Every year, millions of Americans face the bleak prospects brought on by unemployment. And while losing a job is never fun or convenient, there can be a silver financial lining for those who know how to capitalize on their time spent away from the workplace. Having no earned income for a period of time can make it much easier to accomplish certain financial tasks, especially when it comes to retirement planning and income taxes. This article outlines several financial strategies that can help take some of the bite out of not having a job.
TUTORIAL: Roth IRAs: Introduction
In 2010, the income limit was lifted for those who wished to convert their traditional IRAs and qualified plans, thus allowing those with large pretax retirement balances to move them into a Roth IRA in a single year. However, this can result in a substantial tax bill for the year as well. But if the taxpayer has little or no earned income during the year, then the tax on the conversion may be a great deal less. (For related reading, see An Introduction To Roth IRAs.)
A corporate executive earning $100,000 with a $150,000 traditional IRA is laid off in December. The next year, he converts his IRA to a Roth IRA, but is unable to find a job. He will only have to pay tax on the Roth conversion balance, which means that he will pay tax at a lower rate on a lesser amount.
Unemployment presents a golden opportunity to liquidate substantially appreciated holdings that are held in taxable accounts. Those who will realize long-term capital gains may be able to pay the lowest tax rate allowed in the code on the sale of their securities or other assets, depending upon the amount of the sale proceeds. However, low-priced securities such as penny stocks that have risen dramatically in value within a short period of time are also good candidates for liquidation, as their volatility can quickly erode any gain received, even though their sale will result in a taxable short-term capital gain.
Larry rings in the New Year without a job. But he is pleasantly surprised when a stock he purchased for about two dollars a share last January shoots up over $6.50 per share on news of the issuing company's new product. He waits until he has held the stock for a year to the day and then liquidates it at a substantial profit. Because he only owned a few thousand shares and had no other income, he will pay no capital gains tax on the sale proceeds.
But the same principle holds true for real estate and other capital assets. Landlords who lose their day jobs can use a period of unemployment to dispose of rental or rehabbed properties that have appreciated in value, particularly those that have been held for less than a year and will not be exchanged for like-kind properties under IRC Section 1031.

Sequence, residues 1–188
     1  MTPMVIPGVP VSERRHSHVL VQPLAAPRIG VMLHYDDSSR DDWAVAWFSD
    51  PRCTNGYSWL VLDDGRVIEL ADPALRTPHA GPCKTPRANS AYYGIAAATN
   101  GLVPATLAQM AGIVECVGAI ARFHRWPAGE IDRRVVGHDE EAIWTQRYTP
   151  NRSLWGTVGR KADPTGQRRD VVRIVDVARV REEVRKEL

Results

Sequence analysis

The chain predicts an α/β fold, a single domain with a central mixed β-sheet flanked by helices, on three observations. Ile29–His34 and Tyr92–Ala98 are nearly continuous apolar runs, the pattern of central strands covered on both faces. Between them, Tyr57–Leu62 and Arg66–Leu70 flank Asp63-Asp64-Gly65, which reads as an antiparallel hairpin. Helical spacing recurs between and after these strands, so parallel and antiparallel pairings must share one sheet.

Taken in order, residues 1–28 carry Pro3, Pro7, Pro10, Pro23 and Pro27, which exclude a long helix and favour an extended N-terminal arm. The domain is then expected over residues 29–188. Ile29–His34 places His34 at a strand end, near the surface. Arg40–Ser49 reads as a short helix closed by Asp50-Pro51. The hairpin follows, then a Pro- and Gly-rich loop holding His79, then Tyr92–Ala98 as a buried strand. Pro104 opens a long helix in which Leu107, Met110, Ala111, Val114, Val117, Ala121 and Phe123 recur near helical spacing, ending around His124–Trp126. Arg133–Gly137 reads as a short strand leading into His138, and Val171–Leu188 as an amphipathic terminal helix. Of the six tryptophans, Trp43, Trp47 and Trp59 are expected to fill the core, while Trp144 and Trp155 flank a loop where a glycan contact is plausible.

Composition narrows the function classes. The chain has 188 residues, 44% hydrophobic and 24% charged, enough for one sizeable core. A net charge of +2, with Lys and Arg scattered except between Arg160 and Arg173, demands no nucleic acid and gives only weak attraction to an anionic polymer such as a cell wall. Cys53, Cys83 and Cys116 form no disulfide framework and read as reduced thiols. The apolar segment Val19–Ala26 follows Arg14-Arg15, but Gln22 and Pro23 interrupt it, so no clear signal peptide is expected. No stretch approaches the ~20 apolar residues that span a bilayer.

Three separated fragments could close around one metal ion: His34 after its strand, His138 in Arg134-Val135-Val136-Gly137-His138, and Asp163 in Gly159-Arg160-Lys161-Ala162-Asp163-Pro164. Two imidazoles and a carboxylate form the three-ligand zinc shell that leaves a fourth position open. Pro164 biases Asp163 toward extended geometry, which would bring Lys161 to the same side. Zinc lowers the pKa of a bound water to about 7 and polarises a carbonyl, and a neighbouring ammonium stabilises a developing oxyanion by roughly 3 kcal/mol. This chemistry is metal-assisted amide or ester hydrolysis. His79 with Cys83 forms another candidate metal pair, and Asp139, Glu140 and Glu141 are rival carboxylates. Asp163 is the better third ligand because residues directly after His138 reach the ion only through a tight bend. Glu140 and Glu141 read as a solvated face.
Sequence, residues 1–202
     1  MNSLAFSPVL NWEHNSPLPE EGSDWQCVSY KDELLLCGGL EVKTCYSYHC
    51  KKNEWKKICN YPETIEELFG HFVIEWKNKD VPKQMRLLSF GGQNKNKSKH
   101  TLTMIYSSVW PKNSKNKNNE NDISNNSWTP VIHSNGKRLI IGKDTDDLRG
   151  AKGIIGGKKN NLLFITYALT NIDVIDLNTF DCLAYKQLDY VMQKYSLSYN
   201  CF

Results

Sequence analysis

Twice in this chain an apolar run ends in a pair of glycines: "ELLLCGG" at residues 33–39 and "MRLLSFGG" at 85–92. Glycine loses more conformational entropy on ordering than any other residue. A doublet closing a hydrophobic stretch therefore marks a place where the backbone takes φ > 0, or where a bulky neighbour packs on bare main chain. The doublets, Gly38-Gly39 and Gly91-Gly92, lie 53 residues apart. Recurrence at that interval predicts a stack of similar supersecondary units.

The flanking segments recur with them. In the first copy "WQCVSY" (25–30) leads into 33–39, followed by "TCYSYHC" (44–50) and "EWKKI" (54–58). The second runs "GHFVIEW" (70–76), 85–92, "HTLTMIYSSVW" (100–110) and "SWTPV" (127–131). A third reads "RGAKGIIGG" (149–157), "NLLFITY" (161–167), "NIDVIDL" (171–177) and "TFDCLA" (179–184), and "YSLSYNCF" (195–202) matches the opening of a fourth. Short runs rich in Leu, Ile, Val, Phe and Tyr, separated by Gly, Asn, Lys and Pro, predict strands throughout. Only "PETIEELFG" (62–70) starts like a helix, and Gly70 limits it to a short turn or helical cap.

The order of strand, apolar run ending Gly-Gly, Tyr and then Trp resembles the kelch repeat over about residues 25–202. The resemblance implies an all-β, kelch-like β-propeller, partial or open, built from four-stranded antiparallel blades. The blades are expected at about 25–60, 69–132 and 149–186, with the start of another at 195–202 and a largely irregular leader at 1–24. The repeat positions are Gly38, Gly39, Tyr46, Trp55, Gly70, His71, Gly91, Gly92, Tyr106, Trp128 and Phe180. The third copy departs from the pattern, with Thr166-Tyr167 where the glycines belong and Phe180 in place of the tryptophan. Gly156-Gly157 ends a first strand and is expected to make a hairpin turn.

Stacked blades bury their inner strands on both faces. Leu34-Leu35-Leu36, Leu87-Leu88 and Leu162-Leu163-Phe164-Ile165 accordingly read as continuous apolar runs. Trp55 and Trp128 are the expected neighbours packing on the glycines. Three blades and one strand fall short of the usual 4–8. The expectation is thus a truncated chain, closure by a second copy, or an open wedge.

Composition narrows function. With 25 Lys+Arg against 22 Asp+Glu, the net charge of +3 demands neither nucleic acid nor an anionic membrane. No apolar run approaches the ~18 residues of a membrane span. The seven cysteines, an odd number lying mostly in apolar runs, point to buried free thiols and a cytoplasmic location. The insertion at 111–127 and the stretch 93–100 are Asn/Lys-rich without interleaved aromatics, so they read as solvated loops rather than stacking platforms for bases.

The loss of a job will seldom prevent an unemployed worker from having to pay expenses such as college tuition for children or the costs and fees associated with adopting a child. However, having no income in a year when these expenses are incurred will prevent the taxpayer from claiming the tax credits that are available to them. Most of the tax credits in our tax code require a certain amount of taxable income in order to be claimed. Therefore it may behoove an unemployed taxpayer to generate income from investments or other assets in order to claim these credits. For example, a taxpayer over the age of 59.5 who paid $3,000 of tuition for a child could convert a portion of a pretax retirement account to a Roth and then claim the appropriate education credit against the tax bill. Of course, a straight distribution or sale of assets can accomplish the same thing. Those who do not have assets with which to employ these strategies may be wise to simply work a low-paying job for part of the year in order to claim the Earned Income Credit. (If you're not taking advantage of these deductions, you could be missing out on tax savings. For more, see 5 Tax Credits You Shouldn't Miss.)
Get Your Financial and Estate Plan in Order
Smart job-seekers will use the extra time that inevitably comes with unemployment to accomplish such things as reviewing and updating their wills, trusts and other legal and estate planning documents, as well as their overall financial and retirement plans. This is an ideal time to research and tweak investment strategies, explore ways to reduce income taxes, roll over the previous employer's retirement plan into a self-directed IRA and assess investment portfolio performance. Those who are smart enough to do this now will not have to spend time dealing with it once they find a new job and aren't easily able to schedule meeting with lawyers or other professionals during the day. (Investors are now able to invest directly in real property, mortgages and other assets. For more, see House Your Retirement With Self-Directed Real Estate IRAs.)
Unemployment can provide valuable opportunities to accomplish a number of financial tasks that otherwise may either take much longer to complete or result in a substantially higher tax bill. These are just some of the strategies that savvy unemployed job-seekers can use to take advantage of their lack of income. For more strategies that may be effective during unemployment, consult your HR representative or financial advisor. (For more on financial advisors, see Find The Right Financial Advisor.)